In the United States, thanks to Article 6 of the Constitution, we have a system based on the idea of religious equality. Our rights as citizens are are irrelevant to our particular religious or non-religious point of view. And religious rights, also variously described as the right to think freely; believe as you will; or as the right to individual conscience -- rests with the individual citizen. It is this right to believe differently that is a necessary prerequisite for the right of citizens to speak freely. Citizens meeting in the so called "public square" requires a culture of mutual respect for people's differing, and usually evolving religious or non-religious views. Secularity in public life then, is not the denial of or suppression of religious views, but rather, the perpetuation of a culture of respect for religious difference. This, in turn, requires that we recognize that there are a wide variety of religious views that we may encounter; and that there is no one cookie cutter version of any religious orthodoxy that we need view as necessarily more valid than anyone elses views. In terms of legislation and public policy development -- as Obama puts it elsewhere in his speech,

This may be difficult for those who believe in the inerrancy of the Bible, as many evangelicals do. But in a pluralistic democracy, we have no choice. Politics depends on our ability to persuade each other of common aims based on a common reality.

But when liberals slam secularism, particularly when they do not bother to define the term, it come across more as atheist baiting than as a defending of the rights of people to hold religious views and to express them in a democratic pluralist society.

Meanwhile, Albert Mohler, a leading Southern Baptist theocrat, and I agree that there is a built-in contradiction in Obama's speech. Mohler loved the secular-baiting part -- but he denounces the section on religious pluralism, by calling it secularism!

For Christian theocrats and their allies, denouncing alleged secularism it is a way of framing out of the public square those whose religious views do not conform to their notions of orthodoxy. In the case of religious liberals, the use of the term is a thoughtless reenforcement and amplification of the religious right's favorite frame, while marginalizing the non-religious as if they had no right to participate. The use of the word and idea of the secular as label in a campaign of polarization and demonization, necessarily creates a climate of prejudice and bigotry. In the case of the Christian theocrats, to smear and stifle all those who do not share their particular orthodoxies -- and their desire to install them as the basis of public policy. In the case of Obama, his intention is clearly different, but he undermines his message of democratic pluralism by joining in the secular bashing.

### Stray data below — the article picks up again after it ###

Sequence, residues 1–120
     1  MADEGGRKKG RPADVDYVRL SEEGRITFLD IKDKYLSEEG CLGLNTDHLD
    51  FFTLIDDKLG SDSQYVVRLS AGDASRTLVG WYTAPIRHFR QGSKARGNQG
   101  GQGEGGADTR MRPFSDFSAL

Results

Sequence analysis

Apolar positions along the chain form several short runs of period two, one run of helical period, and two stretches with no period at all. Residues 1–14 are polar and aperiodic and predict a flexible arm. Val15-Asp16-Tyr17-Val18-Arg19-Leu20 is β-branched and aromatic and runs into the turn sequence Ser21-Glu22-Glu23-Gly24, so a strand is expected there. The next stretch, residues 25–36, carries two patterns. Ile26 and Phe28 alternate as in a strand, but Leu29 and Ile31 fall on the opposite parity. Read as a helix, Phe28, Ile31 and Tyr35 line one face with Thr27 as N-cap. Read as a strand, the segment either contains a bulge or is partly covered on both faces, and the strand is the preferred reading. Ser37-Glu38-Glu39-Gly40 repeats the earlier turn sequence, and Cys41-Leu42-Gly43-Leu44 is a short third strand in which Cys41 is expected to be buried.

Let's return to Wallis, whose book forms a template for how Obama and other leading Democrats are approaching the question of religion in public life.

One of the flaws in the formulation of his argument is his use of false equivalence. The religious right is a well-recognized and widely accepted and understood tem.  The movement has many identifiable leaders and associated organizations and institutions. Newspaper and magazine articles are written about it, even whole books. OK. So who or what is the secular left? What is its agenda? What organizations and institutions are associated with it? Give up? With good reason. It does not exist.

Many Democrats are rightfully weary of claims by the religious right that they are antireligious -- and they are angry at those, like Obama, who echo the claim.

Bloggers have had a lot to say:

Matt Stoeller sarcastically writes:

It's totally true. You can't swing a dead cat in this country without hitting a generic secularist who's all like 'Stop praying, weirdo', before handing out a Democratic voter registration card.

Thank you, Obama, for taking on this critical yet vulnerable stereotype, and reinforcing it with moral security measures.

Blogger Atrios adds:

Dear Senator Obama,

If you think it's important to court evangelicals, then court them. If, on the other hand, you think it's important to confirm and embrace the false idea that Democrats are hostile to religion in order to set yourself apart, then continue doing what you're doing. It won't help the Democrats, and it probably won't even help you, but whatever makes you happy.

Chuck Currie at Street Prophets takes a far more sympathetic view, properly taking to task some people with absurd overreactions, based on news accounts, but apparently not taking seriously Democrats' weariness of the religious right's smear job, made worse by the Wallis-Obama echo chamber.

Currie has the whole Obama speech on his web site and calls it "perhaps the most well thought out speech on the topic since John F. Kennedy addressed the subject during the 1960 presidential campaign." I am not so sure about that, given Obama's Wallisesque blunders, but he does say some important things. Here are some of the good parts:

While I've already laid out some of the work that progressives need to do on this, I that the conservative leaders of the Religious Right will need to acknowledge a few things as well.